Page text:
How to Pair Sangiovese and Shrimp

Shrimp and sangiovese sounds bonkers, right? Watch this.

Tuscan beans and shrimp

Traditional Tuscan fare has been dubbed cucina povera, and it’s indeed rather impoverished and simple with staples including beans, breads and some roasted meats. We all can imagine pairing sangiovese to red meats like steak or lamb shoulder chops, and that’s great. But you don’t always have a place to park that in your innards.

Given the ridiculous amount of garlic and sage in this recipe, the shrimp plays second fiddle. Sure, you do taste a briny element of the shrimp, and it’s great, but the rest of the elements envelope it such that it pairs perfectly with sangiovese.

And let’s hear it for cucina povera, because this is a pretty inexpensive meal if you source the shrimp cheaply. Plus if you decide you love it, you can tweak the amounts up and make a trough to last for days.


Cooking time: about 40 min Total time: about 2 hrs

  • 1 lb dried cannellini or white navy white beans, washed, picked over for stones
  • 20 fresh sage leaves
  • 10 cloves garlic, peeled
  • salt and pepper
  • 1 28 oz can of tomatoes
  • 1 lb of small peeled shrimp
  • 2 cups of al dente cooked pasta (orrecchiete, fusilli, or whatever smallish shape)
  • 2 tablespoons quality olive oil (you’re not cooking it; you’re finishing with it)
  • Parmesan cheese for grating

“Power soak” the beans: put the beans in a large pot that has a heavy lid, add 3″ water to cover the beans, and bring to a boil. Boil 2 minutes, then cut the heat and let sit covered for 1 hour. Drain the beans.

Now in that same ol’ large pot, cover the beans with just over enough fresh water to cover and bring to a boil once again. Add the sage leaves and 6 cloves of garlic, lower the heat so the beans simmer. Smell THAT. Yeah, you see where this is headed. Cover loosely. Cook, stirring occasionally, until the beans begin to soften; add a good amount of salt and pepper. Continue to cook, covered, until the beans are very tender, typically from 20-30 min (because you did your power soak to speed this up).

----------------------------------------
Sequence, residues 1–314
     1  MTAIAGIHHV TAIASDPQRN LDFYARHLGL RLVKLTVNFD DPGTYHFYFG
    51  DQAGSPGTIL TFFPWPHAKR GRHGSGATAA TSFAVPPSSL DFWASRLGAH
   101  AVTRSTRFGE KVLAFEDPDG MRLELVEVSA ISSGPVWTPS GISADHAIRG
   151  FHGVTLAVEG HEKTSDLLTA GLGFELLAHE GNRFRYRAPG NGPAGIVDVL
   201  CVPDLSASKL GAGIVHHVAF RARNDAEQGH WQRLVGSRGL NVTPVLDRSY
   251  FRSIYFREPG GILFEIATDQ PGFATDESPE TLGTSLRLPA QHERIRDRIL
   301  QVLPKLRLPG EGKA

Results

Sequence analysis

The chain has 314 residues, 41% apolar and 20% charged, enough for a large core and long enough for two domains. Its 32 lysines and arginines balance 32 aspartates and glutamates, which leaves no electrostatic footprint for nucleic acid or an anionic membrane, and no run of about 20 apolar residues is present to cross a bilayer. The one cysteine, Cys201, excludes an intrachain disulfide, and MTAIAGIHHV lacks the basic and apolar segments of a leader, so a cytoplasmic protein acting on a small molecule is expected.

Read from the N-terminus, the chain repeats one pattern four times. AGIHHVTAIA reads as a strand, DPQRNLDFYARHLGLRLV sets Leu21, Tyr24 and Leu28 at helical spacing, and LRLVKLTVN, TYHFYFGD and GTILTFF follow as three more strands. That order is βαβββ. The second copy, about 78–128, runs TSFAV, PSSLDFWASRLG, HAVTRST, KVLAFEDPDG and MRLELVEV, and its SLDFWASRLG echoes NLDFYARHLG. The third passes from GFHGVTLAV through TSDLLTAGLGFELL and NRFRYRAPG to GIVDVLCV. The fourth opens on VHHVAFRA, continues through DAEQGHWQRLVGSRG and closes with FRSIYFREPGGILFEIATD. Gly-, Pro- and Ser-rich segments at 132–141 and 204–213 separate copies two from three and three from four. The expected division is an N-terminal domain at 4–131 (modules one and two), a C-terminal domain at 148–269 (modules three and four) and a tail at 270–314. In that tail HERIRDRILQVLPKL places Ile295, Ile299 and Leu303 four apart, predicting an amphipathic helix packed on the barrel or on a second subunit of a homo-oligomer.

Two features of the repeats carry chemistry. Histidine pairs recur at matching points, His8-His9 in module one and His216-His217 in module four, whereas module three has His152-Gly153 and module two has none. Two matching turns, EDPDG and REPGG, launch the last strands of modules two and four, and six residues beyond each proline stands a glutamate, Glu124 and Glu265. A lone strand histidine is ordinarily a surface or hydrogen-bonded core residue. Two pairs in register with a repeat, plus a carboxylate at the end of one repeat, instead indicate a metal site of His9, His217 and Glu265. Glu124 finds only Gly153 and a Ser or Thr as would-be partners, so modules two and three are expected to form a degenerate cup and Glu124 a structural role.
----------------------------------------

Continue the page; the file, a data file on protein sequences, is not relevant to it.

Taste the beans to ensure they’re very tender. Once they are, cook your pasta in a separate pan.

Mince the remaining 4 cloves of garlic into the beans and stir a bit; then add the can of tomatoes (juice and all), and the shrimp. Cook another 10 minutes with the lid on and you’re done. You can add the cooked pasta at any point in these last 10 minutes.

Now, while portioning bowls out, top with a nice drizzle of quality “finishing” olive oil, more salt and pepper, and Parmesan, then mix away. The olive oil is a vital finishing element that suddenly makes the dish coherent and harmonious instead of watery and disjoint.

Very healthy, addictive, and a miracle of a pairing with a brawny sangiovese — it almost feels like necromancy.  In addition to speeding up the cooking time, the power soak also seems to help avert nuclear meltdown levels of gas by breaking down a lot of the sugars beforehand; so: win / win.